MECP2 duplication syndrome

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MECP2 duplication syndrome
Other names: Trisomy Xq28[1], X-linked intellectual disability-hypotonia-recurrent Infections syndrome
This condition is due to MECP2 overexpression
SpecialtyMedical genetics

MECP2 duplication syndrome (M2DS) is a rare disease that is characterized by severe intellectual disability and impaired motor function. It is an X-linked genetic disorder caused by the overexpression of MeCP2 protein.

Signs and symptoms

Facial features of MECP2 duplication syndrome, such as midface hypoplasia, down-slanting palpebral fissures, epicanthus, small mouth, jaw protrusion, low-set ears

Symptoms of M2DS include infantile hypotonia and failure to thrive, delayed psychomotor development, impaired speech, abnormal or absent gait, epilepsy, spasticity, gastrointestinal motility problems, recurrent infections, and genitourinary abnormalities.[2][3][4]

Many of those affected by M2DS also fit diagnostic criteria for autism.[5] M2DS can be associated with syndromic facies, namely an abnormally flat back of the head, underdevelopment of the midface, ear anomalies, deep-set eyes, prominent chin, pointed nose, and a flat nasal bridge.[5]


M2DS is one of the several types of X-linked intellectual disability. The cause of M2DS is a duplication of the MECP2 or Methyl CpG binding protein 2 gene located on the X chromosome (Xq28).[6]

The MeCP2 protein plays a pivotal role in regulating brain function. Increased levels of MECP2 protein results in abnormal neural function and impaired immune system.[5] Mutations in the MECP2 gene are also commonly associated with Rett syndrome in females. Advances in genetic testing and more widespread use of Array Comparative Genomic Hybridization has led to increased diagnosis of MECP2 duplication syndrome.[7]

It is thought to represent ~1% of X-linked male mental disability cases.[8] Females affected by this condition often do not show symptoms.[5]


Two-color fluorescence in situ hybridization analysis of individual with MECP2 gene duplication ( duplicated MECP2 gene was located at X chromosome)

Diagnosis is made based on genetic testing.[5]


Treatment is supportive and based on symptoms.[5]


The syndrome primarily affects young males.[8] Preliminary studies suggest that prevalence may be 1.8 per 10,000 live male births. 50% of those affected do not live beyond 25 years of age, with deaths attributed to the impaired immune function.[9]


M2DS was first described in 1999.[5]

In a Nature article published on November 25, 2015, it was revealed that researchers at the Baylor College of Medicine, led by Dr. Huda Y. Zoghbi, have reversed MECP2 Duplication Syndrome in adult symptomatic mice using antisense therapy.[10] Mice treated with an experimental ASO administered through the central nervous system had a reduction of MECP2 protein to normal levels and symptoms of hypoactivity, anxiety, and abnormal social behavior were resolved. Additionally, the seizure activity of the mice and abnormal EEG discharges were abolished. Initial studies demonstrated that reducing the MECP2 protein levels to the correct amount also normalized the expression of the other genes controlled by the MECP2 protein.[citation needed]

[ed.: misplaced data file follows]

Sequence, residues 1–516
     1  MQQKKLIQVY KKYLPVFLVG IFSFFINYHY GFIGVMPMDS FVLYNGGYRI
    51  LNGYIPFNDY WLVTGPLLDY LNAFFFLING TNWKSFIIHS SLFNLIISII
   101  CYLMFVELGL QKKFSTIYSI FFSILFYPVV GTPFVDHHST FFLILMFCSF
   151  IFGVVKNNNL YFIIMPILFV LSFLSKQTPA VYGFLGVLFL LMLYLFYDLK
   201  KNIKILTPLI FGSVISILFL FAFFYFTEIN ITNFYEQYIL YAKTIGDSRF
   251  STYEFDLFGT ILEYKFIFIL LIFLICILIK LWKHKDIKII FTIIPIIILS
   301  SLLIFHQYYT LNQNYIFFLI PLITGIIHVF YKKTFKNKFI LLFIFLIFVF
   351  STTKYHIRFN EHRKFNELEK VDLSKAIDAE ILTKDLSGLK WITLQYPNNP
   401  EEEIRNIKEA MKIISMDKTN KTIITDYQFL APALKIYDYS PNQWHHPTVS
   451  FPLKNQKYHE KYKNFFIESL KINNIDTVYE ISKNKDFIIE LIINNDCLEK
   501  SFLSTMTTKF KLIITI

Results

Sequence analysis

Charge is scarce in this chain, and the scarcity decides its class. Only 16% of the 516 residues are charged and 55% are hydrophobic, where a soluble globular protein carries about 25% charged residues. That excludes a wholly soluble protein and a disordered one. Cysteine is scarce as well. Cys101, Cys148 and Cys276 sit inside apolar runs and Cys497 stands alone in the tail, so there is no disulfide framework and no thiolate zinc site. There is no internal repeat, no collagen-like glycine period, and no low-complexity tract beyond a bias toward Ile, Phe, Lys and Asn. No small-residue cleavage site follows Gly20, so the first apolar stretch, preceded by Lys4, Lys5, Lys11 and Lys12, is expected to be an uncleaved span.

1. "MECP2 duplication syndrome: MedlinePlus Genetics". Archived from the original on 30 September 2023. Retrieved 3 March 2024.
  2. "MECP2 duplication syndrome - Genetic and Rare Diseases Information Center (GARD) – an NCATS Program". Archived from the original on 2022-02-01. Retrieved 2022-05-29.
  3. Ramocki, Melissa B.; Peters, Sarika U.; Tavyev, Y. Jane; Zhang, Feng; Carvalho, Claudia M. B.; Schaaf, Christian P.; Richman, Ronald; Fang, Ping; Glaze, Daniel G.; Lupski, James R.; Zoghbi, Huda Y. (2009). "Autism and other neuropsychiatric symptoms are prevalent in individuals withMeCP2duplication syndrome". Annals of Neurology. 66 (6): 771–782. doi:10.1002/ana.21715. ISSN 0364-5134. PMC 2801873. PMID 20035514.
  4. Ramocki, Melissa B.; Tavyev, Y. Jane; Peters, Sarika U. (2010). "TheMECP2duplication syndrome". American Journal of Medical Genetics Part A. 152A (5): 1079–1088. doi:10.1002/ajmg.a.33184. ISSN 1552-4825. PMC 2861792. PMID 20425814.
  5. 5.0 5.1 5.2 5.3 5.4 5.5 5.6 "MECP2 Duplication Syndrome". Archived from the original on 2021-05-07. Retrieved 2022-05-29.
  6. Reference, Genetics Home. "MECP2 duplication syndrome". Genetics Home Reference. Archived from the original on 2020-06-26. Retrieved 2022-05-29.
  7. "Van Wright Foundation". Van Wright Foundation. Archived from the original on 2022-05-09. Retrieved 2022-05-29.
  8. 8.0 8.1 Van Esch, H. (2011). "MECP2 Duplication Syndrome". Molecular Syndromology. 2 (3–5): 128–136. doi:10.1159/000329580. ISSN 1661-8777. PMC 3366699. PMID 22679399.
  9. Van Esch, Hilde (7 June 1993). "MECP2 Duplication Syndrome". In Adam, Margaret P.; Ardinger, Holly H.; Pagon, Roberta A.; Wallace, Stephanie E.; Bean, Lora J.H.; Stephens, Karen; Amemiya, Anne (eds.). GeneReviews®. University of Washington, Seattle. PMID 20301461. Archived from the original on 24 January 2022. Retrieved 29 May 2022 – via PubMed.
  10. Sztainberg, Yehezkel; Chen, Hong-mei; Swann, John W.; Hao, Shuang; Tang, Bin; Wu, Zhenyu; Tang, Jianrong; Wan, Ying-Wooi; Liu, Zhandong; Rigo, Frank; Zoghbi, Huda Y. (25 November 2015). "Reversal of phenotypes in MECP2 duplication mice using genetic rescue or antisense oligonucleotides". Nature. 528 (7580): 123–126. Bibcode:2015Natur.528..123S. doi:10.1038/nature16159. PMC 4839300. PMID 26605526.

Further reading

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